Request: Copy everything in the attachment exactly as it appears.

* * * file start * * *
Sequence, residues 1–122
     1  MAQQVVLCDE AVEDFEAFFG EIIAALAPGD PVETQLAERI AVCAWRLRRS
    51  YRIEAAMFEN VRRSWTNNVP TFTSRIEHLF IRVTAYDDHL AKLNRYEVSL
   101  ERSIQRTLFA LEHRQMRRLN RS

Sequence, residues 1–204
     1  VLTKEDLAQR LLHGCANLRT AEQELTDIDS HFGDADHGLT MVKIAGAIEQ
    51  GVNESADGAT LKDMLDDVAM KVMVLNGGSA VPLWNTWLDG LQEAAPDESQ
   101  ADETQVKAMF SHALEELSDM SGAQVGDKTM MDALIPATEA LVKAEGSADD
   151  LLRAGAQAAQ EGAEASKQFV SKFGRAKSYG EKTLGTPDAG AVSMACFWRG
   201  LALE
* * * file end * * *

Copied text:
Sequence, residues 1–122
     1  MAQQVVLCDE AVEDFEAFFG EIIAALAPGD PVETQLAERI AVCAWRLRRS
    51  YRIEAAMFEN VRRSWTNNVP TFTSRIEHLF IRVTAYDDHL AKLNRYEVSL
   101  ERSIQRTLFA LEHRQMRRLN RS

Sequence, residues 1–204
     1  VLTKEDLAQR LLHGCANLRT AEQELTDIDS HFGDADHGLT MVKIAGAIEQ
    51  GVNESADGAT LKDMLDDVAM KVMVLNGGSA VPLWNTWLDG LQEAAPDESQ
   101  ADETQVKAMF SHALEELSDM SGAQVGDKTM MDALIPATEA LVKAEGSADD
   151  LLRAGAQAAQ EGAEASKQFV SKFGRAKSYG EKTLGTPDAG AVSMACFWRG
   201  LALE